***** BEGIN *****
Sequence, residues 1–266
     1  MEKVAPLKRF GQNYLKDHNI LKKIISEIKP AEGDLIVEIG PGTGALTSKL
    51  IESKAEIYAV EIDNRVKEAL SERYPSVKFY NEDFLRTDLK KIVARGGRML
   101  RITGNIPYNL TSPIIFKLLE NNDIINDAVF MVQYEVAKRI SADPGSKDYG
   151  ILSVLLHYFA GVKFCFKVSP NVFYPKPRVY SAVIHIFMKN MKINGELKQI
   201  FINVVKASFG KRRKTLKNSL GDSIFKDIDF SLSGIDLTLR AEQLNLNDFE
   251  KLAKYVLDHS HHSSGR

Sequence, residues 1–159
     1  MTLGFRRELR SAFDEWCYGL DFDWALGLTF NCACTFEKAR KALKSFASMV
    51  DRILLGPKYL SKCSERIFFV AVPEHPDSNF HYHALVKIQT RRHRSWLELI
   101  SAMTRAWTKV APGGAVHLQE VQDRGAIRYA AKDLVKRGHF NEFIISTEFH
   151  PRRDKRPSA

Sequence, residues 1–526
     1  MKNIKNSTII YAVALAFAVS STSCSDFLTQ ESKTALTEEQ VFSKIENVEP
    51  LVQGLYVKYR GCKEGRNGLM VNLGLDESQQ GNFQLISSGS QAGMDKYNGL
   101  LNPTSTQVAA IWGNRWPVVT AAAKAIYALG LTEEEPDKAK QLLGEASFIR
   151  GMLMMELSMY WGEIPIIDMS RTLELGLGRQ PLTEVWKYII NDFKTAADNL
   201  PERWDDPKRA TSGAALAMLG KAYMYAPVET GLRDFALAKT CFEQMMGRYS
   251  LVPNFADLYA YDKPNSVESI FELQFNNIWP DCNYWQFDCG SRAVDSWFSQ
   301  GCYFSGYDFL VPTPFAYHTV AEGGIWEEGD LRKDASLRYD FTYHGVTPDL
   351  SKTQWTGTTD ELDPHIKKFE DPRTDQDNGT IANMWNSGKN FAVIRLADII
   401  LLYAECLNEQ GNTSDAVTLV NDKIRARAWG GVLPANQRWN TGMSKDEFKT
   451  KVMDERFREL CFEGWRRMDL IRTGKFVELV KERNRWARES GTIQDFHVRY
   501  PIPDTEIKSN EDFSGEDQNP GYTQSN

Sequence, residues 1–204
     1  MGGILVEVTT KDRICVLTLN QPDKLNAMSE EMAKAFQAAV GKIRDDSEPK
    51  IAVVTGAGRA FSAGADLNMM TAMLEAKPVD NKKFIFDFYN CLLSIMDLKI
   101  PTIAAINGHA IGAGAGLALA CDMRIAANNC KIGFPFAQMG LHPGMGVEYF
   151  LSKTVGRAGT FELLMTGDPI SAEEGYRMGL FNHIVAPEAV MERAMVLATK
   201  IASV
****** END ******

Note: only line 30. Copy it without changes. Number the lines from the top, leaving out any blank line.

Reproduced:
   201  IASV